In 2011 the Centers for Medicare and Medicaid Services began paying bonuses to physicians who demonstrated “meaningful use” of an electronic health record system. The incentive program, under which a physician can receive up to $44,000 from Medicare and $64,000 from Medicaid, was created by the American Recovery and Reinvestment Act of 2009 (the “stimulus package”). Meaningful use refers to many things, one of which is taking part in the Physician Quality Reporting System (PQRS).

The PQRS requires physicians to report data regarding their evaluation and treatment of patients. To qualify for the incentive bonuses they must demonstrate that patients are being treated according to governmental guidelines.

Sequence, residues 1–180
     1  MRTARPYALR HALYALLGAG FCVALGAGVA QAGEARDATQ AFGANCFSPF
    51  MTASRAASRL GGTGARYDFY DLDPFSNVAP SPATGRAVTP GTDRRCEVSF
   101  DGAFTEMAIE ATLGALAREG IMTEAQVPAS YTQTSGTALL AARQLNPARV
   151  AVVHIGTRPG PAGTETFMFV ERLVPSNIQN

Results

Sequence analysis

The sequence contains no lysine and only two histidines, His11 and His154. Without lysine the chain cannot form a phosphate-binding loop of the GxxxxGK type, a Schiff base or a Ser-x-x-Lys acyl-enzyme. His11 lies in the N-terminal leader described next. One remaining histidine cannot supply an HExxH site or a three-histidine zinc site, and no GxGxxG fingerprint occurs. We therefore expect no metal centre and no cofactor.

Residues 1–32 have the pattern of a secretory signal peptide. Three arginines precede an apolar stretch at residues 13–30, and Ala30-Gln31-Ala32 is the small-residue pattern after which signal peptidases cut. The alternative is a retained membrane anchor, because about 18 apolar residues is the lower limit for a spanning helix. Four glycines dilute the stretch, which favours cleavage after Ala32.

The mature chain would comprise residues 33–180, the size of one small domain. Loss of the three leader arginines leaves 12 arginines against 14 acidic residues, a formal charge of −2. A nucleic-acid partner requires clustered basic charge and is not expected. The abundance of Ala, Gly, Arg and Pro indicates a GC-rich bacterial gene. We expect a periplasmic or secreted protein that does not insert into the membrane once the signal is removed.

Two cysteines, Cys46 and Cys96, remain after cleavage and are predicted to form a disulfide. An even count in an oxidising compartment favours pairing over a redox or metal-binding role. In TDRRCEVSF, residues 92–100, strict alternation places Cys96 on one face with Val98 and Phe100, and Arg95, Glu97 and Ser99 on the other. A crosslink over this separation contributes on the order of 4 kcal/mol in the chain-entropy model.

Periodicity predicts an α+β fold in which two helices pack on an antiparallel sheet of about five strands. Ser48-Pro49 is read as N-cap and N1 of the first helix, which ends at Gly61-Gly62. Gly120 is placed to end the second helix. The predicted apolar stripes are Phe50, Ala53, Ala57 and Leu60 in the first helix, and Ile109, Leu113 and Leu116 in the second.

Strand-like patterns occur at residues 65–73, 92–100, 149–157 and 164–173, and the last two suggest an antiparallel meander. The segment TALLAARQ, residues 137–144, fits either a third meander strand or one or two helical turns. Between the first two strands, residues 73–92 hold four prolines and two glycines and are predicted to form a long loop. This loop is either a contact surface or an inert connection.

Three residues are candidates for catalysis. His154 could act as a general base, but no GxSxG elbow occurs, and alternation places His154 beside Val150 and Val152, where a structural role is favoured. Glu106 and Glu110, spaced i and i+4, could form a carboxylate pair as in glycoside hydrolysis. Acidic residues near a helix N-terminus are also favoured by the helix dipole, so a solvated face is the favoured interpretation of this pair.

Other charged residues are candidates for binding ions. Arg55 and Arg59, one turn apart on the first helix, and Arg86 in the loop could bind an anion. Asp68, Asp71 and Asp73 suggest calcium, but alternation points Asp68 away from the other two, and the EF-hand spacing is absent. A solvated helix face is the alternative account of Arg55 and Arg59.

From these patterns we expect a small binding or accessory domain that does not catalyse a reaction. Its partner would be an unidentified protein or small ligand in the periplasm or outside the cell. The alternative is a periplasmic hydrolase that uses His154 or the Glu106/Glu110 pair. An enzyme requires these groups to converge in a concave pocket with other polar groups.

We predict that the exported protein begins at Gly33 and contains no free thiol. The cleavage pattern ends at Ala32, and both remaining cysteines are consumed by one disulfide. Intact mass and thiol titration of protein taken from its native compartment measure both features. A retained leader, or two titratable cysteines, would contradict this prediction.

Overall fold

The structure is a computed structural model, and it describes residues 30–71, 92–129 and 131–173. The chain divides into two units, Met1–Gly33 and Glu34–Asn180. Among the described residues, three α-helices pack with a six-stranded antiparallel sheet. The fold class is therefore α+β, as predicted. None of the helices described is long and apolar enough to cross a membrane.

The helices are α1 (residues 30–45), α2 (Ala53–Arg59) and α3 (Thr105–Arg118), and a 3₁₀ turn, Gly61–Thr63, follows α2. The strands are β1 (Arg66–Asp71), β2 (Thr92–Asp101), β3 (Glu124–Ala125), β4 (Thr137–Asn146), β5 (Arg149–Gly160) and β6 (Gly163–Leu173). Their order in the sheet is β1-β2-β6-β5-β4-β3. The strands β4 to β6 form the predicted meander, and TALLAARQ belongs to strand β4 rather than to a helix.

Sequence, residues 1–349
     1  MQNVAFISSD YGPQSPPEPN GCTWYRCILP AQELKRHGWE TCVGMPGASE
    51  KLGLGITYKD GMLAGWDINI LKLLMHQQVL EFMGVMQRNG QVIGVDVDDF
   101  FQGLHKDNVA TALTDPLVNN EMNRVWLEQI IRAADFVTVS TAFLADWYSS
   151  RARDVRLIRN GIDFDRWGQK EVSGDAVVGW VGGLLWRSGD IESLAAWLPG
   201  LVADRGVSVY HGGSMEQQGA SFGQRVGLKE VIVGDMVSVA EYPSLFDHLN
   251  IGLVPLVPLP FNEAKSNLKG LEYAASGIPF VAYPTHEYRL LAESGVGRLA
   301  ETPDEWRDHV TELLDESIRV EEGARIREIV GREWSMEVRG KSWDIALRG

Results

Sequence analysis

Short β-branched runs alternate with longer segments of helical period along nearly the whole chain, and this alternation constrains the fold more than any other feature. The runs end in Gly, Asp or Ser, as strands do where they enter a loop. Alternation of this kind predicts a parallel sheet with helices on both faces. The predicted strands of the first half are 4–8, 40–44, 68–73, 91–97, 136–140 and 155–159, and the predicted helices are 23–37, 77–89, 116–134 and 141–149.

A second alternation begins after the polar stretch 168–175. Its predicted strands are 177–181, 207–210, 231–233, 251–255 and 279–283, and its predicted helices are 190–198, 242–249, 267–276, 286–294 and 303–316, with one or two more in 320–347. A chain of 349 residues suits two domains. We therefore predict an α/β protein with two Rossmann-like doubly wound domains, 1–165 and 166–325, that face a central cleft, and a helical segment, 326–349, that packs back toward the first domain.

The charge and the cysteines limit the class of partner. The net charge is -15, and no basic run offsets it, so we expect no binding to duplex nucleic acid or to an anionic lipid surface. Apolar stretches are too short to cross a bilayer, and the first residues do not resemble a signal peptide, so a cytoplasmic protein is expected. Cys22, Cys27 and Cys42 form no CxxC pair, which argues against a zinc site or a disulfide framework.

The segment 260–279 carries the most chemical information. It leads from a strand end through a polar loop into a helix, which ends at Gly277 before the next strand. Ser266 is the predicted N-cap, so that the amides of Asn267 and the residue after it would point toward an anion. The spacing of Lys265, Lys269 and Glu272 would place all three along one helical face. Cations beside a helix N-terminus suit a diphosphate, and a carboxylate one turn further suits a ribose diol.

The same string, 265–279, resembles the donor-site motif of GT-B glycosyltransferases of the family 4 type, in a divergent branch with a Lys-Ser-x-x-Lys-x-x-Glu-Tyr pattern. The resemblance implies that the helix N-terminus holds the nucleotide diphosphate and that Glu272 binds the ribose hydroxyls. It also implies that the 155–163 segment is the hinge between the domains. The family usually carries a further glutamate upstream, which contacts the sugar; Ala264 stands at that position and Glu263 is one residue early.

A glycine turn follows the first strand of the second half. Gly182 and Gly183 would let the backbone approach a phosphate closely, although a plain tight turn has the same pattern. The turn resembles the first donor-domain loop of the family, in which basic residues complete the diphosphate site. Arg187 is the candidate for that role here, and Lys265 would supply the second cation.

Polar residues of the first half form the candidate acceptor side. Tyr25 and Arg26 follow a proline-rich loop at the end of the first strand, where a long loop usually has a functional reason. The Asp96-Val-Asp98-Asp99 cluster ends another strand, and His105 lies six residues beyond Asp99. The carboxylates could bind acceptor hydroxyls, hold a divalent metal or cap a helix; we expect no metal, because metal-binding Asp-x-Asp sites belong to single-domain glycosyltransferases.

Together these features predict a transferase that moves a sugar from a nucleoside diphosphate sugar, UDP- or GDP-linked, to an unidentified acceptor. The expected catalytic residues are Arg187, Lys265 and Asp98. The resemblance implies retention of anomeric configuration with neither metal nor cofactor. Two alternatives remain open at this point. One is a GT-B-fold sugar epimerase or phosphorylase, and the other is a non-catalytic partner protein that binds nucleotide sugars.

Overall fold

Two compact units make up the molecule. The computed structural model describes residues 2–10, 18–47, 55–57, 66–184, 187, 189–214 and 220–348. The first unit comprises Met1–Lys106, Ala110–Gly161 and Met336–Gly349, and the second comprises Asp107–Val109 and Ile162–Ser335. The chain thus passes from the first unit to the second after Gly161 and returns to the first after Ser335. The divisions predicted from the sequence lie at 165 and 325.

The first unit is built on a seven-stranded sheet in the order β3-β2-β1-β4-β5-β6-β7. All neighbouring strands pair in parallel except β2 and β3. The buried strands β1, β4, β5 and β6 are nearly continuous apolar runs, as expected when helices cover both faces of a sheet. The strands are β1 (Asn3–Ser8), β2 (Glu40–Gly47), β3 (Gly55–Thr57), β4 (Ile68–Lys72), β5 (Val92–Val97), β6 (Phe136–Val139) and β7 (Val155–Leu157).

I was recently consulted by a 74 year-old woman who had received prescriptions for a cholesterol-lowering statin drug and an anti-hypertensive medication. The reason given by the prescribing physician was that her LDL cholesterol and systolic blood pressure were outside of the governmental guidelines and that failure to get them into the acceptable range would jeopardize his financial bonus.